Treve and rider Pascal Galoche are pictured during a training session in Gouvieux, north of Paris. Right: A poster promoting the race in Paris. Picture: Juhaim
By Mikhil Bhat/Paris
The word ‘history’ will be dropped many times in conversations around Longchamp. It’s that kind of a party.
Afterall, Al Shaqab Racing’s Treve is set to prove she is in a league all her own when she lines up along with other horses at the historic racecourse on Sunday. After having nailed the Qatar Prix de l’Arc de Triomphe, arguably the world’s most prestigious race, for two years in a row – 2013 and 2014 – the mare will bid for a historic hat-trick.
In fact, Treve only has to line up at the gates to create a history of sorts. None of the six other horses who have won the one and a half mile Group I race twice have gone for a third victory bid ever.
Thierry Jarnet, who has won l’Arc four times, including twice on Treve, will also bid to become the only jockey who has won the event five times.
Jarnet will definitely have the confidence going into the race after the Motivator filly’s magnificent six-length win at Prix Vermeille on September 13.
Trainer Criquette Head-Maarek, who has now won l’Arc thrice, is also leaving nothing to chance.
With many horses staying away from the race owing to Treve’s dominance, she has decided to run a pacemaker in Shahah.
“I see everybody is going away, so we need a regular race,” Head-Maarek was quoted as saying in The Guardian. “When there are a lot of runners there’s no need for a pacemaker, but if there’s only two or three to beat, it’s going to be tactical race, a jockeys’ race, and I don’t want that. That’s why I want to put in a pacemaker. Whatever happens, there won’t be any excuse.”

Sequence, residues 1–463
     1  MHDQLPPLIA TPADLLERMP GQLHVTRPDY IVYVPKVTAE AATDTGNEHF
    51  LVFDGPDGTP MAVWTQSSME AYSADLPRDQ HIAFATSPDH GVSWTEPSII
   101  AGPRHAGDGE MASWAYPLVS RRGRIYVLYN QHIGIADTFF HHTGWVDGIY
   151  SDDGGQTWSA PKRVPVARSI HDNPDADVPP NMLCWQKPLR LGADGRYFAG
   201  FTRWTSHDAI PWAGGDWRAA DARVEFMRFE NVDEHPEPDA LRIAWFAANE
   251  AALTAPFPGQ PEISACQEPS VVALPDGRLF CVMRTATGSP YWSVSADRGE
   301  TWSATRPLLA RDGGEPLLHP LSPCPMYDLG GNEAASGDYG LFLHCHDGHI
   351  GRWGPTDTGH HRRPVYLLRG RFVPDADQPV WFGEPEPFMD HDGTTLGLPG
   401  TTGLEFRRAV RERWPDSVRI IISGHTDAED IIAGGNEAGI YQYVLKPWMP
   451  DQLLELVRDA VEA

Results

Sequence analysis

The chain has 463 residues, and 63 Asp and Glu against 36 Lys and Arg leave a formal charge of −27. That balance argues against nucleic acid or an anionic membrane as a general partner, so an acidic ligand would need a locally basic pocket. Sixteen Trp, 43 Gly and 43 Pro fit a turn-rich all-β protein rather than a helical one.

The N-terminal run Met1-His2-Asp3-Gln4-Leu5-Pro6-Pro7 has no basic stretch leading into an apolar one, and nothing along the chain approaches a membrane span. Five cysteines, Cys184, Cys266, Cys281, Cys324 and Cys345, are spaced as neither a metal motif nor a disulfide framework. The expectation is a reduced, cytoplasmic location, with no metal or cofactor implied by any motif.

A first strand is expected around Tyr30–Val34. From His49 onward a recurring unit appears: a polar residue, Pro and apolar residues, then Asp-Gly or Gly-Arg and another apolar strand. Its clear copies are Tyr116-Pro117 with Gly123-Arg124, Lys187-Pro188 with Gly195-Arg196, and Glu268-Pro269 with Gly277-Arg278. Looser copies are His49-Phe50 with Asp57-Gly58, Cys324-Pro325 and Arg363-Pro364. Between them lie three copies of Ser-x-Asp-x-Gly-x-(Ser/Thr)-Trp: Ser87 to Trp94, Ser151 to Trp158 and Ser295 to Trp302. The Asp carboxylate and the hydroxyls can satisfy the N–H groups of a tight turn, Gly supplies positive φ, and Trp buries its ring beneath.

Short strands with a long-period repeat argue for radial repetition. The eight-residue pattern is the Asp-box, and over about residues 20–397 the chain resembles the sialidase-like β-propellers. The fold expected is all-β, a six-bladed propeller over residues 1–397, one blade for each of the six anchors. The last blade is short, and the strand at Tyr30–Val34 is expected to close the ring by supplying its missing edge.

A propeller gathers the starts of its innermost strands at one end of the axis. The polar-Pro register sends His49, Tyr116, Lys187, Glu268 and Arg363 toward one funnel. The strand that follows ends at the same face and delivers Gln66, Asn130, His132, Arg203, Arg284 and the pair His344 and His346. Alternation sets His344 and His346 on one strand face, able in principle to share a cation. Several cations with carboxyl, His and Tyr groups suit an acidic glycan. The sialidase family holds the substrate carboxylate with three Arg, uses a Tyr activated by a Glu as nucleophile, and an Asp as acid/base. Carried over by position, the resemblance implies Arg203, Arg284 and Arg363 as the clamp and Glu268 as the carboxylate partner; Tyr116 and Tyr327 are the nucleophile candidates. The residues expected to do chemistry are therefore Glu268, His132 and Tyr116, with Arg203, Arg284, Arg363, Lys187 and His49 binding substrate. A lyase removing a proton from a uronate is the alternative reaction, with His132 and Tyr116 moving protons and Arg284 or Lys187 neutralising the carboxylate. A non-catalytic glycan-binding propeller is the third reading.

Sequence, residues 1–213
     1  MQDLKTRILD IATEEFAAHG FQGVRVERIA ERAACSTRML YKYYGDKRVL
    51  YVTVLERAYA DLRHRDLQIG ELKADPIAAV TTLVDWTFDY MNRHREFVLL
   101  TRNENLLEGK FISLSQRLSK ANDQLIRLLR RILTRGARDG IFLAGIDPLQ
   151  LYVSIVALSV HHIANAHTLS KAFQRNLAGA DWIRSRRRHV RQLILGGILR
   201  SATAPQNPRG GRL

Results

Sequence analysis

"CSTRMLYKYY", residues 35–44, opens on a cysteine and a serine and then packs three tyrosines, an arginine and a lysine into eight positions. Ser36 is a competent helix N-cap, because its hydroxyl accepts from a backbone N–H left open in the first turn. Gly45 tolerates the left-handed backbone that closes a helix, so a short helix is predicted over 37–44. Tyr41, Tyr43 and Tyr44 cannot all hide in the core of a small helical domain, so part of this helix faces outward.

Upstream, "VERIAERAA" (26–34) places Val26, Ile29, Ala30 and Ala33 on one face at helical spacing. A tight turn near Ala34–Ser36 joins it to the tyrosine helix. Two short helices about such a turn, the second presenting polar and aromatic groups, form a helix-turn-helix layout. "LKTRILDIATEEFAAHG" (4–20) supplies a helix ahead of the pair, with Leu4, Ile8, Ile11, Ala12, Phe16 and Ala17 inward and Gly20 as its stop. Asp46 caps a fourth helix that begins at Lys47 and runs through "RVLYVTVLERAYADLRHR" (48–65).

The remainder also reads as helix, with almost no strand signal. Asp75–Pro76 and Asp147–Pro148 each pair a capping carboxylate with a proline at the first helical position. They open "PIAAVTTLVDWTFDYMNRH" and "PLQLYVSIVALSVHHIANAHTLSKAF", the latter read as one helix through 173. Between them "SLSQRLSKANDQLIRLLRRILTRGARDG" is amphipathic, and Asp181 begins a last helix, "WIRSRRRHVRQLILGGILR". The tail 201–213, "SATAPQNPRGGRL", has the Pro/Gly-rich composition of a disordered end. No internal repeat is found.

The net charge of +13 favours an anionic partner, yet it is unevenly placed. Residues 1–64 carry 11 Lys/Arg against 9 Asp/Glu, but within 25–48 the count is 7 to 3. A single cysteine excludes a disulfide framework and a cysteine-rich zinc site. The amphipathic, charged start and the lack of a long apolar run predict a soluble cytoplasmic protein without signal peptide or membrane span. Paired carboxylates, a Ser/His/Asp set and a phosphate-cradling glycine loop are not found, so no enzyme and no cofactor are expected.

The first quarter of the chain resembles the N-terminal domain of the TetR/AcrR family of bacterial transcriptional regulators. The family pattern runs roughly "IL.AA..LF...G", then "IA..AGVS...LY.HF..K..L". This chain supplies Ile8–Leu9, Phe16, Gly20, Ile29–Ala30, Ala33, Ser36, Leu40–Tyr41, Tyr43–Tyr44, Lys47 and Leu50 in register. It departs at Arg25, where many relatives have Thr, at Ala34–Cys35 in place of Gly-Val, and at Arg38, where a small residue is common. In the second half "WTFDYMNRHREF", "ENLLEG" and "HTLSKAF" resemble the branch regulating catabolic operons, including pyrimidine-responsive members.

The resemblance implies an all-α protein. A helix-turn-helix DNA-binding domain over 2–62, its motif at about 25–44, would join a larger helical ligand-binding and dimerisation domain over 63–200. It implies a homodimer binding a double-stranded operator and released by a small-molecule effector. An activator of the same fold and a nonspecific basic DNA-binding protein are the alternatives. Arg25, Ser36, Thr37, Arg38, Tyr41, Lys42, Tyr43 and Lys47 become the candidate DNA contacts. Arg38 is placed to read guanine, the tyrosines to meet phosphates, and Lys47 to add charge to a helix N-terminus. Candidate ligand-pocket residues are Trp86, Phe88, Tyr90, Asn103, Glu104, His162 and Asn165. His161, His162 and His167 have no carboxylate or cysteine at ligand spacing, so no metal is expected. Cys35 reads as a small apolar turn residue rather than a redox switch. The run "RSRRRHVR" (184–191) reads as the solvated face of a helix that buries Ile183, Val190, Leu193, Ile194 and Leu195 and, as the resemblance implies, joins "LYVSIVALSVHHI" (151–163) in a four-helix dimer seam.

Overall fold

Head-Maarek and Jarnet put Treve through her some final preparations before the big day on Sunday and have been upbeat about her chances.
“We did exactly the same work last year and the year before, but I feel she’s better than last year. For me, she is back to her best, that’s for sure. She is exactly the same, the only change is that she is stronger physically. She has grown and put a lot of weight on, and she is stronger,” the 66-year-old said spelling bad news for the competitors.
Among the competitors for Treve is New Bay, the second favourite. Trained by Andre Fabre, who has won l’Arc a record seven times, the French Derby winner won the Group 2 Prix Niel at Longchamp on the same day as Treve’s Vermeille win.
Migwar, owned by HH Sheikh Abdullah bin Khalifa al-Thani, will also have an outing at l’Arc after finishing third in Prix Niel.
Irish Derby winner Jack Hobbs has also been entered but trainer John Gosden is likely to run the colt only if the ground is soft. He could be supplemented by stablemate Golden Horn if the ground hardens up.
There have already been duels of words between Golden Horn owner Anthony Oppenheimer and Jarnet this week with the Englishman suggesting that his colt could beat Treve if the ground is good on Sunday. The 48-year-old Frenchman, for his part, said that he was not impressed by the Irish Champion Stakes winner.
The race will also be the last before Longchamp Racecourse undergoes a makeover. The two grandstands, erected in the 1960s, will make way for a futuristic replacement. Overall redesign of the facility is expected to cost owners France Galop $145 million.
Next year’s Arc will be held in Chantilly before returning to its Paris home in 2017.
All in all, Qatar Prix de l’Arc de Triomphe is all set to be monumental, which is what the organisers are promising, and historic, which is what the contenders are hoping.